What happened

Shares of Cyberark Software (NASDAQ:CYBR) closed Thursday's trading 11.1% higher, having jumped as much as 12.4% higher earlier in the day. The Israel-based network security specialist reported third-quarter results early in the morning, exceeding Wall Street's projections across the board.

So what

Cyberark's third-quarter sales rose 18% year over year, stopping at $64.8 million; analysts would have settled for $63 million. On the bottom line, adjusted earnings fell from $0.33 to $0.25 per diluted share -- but the Street was only expecting a $0.19 profit per share.

Looking ahead, management expects fourth-quarter revenues to land near $76 million while adjusted earnings should stop near $0.36 per share. Achieving these targets would match Wall Street's current view of the fourth quarter.

Six people silhouetted against a blue and white graphic featuring padlocks, dollar signs, computer code, and the word Security

Image source: Getty Images.

Now what

In a prepared statement, Cyberark CEO Udi Mokady explained that the strong results rested on both new contracts and additional sales to existing customers. And the company is laying the groundwork to boost its global sales capacity in the coming years: "We are making early progress executing our strategy to globalize the sales organization, which we believe will position us to capitalize on the long term opportunity for Privileged Account Security," Mokady said.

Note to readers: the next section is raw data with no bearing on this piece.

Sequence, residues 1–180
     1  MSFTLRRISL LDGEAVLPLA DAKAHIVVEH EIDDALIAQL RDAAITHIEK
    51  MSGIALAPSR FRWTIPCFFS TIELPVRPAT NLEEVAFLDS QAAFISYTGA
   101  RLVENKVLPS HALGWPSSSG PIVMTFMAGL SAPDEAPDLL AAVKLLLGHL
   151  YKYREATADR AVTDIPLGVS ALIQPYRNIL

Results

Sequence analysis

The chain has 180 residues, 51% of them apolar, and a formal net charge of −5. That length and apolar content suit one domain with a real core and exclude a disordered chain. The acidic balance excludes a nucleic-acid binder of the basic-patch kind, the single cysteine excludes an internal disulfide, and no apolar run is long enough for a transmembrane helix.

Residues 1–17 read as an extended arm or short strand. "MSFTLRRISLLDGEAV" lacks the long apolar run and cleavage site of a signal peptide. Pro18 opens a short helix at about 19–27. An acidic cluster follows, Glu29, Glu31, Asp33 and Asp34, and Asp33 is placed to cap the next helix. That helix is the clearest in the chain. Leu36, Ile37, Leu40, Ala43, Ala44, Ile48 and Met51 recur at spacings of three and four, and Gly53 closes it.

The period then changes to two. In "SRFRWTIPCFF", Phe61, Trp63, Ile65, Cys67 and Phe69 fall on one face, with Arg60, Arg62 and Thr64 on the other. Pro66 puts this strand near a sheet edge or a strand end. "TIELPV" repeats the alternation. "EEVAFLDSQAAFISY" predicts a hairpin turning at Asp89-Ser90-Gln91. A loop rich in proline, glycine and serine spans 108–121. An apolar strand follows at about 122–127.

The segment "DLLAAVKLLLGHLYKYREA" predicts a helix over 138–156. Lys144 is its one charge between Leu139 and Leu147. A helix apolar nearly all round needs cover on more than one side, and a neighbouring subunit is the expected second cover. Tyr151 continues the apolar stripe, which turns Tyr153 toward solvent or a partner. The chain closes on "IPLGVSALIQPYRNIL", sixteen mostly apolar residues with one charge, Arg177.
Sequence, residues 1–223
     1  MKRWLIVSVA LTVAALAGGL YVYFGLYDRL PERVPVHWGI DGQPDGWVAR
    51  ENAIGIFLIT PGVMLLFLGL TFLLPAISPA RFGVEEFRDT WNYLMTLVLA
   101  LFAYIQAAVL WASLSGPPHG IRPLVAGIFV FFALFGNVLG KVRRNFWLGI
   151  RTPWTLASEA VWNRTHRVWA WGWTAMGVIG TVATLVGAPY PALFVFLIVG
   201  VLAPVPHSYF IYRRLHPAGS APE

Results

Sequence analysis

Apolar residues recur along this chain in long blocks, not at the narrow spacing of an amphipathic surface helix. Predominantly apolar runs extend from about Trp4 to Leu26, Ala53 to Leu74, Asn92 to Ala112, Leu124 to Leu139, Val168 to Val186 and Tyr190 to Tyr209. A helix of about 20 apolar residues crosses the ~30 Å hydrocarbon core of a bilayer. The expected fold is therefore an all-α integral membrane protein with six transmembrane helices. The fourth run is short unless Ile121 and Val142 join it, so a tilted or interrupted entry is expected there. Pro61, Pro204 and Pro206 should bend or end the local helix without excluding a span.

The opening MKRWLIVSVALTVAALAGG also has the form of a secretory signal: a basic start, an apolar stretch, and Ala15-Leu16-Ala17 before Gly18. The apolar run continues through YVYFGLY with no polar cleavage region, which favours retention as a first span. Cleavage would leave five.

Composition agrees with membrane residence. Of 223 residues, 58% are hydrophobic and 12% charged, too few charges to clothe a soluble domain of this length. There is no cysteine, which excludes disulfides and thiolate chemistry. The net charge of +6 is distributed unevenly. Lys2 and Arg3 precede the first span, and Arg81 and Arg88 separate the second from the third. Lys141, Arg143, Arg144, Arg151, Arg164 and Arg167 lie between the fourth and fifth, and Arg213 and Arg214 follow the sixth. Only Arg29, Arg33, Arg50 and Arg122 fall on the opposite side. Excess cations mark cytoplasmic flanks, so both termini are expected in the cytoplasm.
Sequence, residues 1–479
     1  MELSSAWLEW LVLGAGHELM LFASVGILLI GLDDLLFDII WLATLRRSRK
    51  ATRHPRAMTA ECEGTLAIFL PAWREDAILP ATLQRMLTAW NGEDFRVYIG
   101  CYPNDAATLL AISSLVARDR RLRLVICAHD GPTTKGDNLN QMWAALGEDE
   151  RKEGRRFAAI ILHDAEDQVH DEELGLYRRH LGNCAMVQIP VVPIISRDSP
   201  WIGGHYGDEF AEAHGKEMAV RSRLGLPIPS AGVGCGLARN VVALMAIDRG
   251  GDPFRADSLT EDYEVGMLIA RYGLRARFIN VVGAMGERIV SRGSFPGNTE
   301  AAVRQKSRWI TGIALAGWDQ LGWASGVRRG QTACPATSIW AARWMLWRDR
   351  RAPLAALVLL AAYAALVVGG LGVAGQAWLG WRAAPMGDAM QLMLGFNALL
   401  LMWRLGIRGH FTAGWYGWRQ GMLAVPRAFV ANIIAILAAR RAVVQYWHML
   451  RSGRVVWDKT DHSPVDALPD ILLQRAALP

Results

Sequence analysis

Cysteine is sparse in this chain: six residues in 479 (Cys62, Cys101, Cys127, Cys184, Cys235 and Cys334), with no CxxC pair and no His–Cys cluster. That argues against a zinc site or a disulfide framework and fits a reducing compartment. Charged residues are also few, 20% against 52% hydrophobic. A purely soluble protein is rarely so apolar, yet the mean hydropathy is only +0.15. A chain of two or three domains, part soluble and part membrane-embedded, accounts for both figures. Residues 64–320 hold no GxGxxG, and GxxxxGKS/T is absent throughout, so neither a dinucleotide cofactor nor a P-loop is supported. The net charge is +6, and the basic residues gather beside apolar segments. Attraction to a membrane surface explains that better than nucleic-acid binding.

That's Cyberark's term for an integrated solution that secures a company's network and computing assets against so-called privileged attackers, meaning hackers or insiders with access to high-level credentials. Not many companies specialize in this particular threat situation, which can wreak havoc even in hardened and well-managed IT systems.

That being said, Cyberark is not a cheap stock, as it trades for 59 times adjusted earnings and 27 times free cash flow today. Investors are betting that the company's tremendous top-line growth will continue its skyrocketing trend. I'm comfortable with waiting on the sidelines as Cyberark builds a long-term plan for sustainable profits, but there's also nothing wrong with getting excited about this company's terrific sales growth.

Anders Bylund has no position in any of the stocks mentioned. The Motley Fool recommends CyberArk Software. The Motley Fool has a disclosure policy.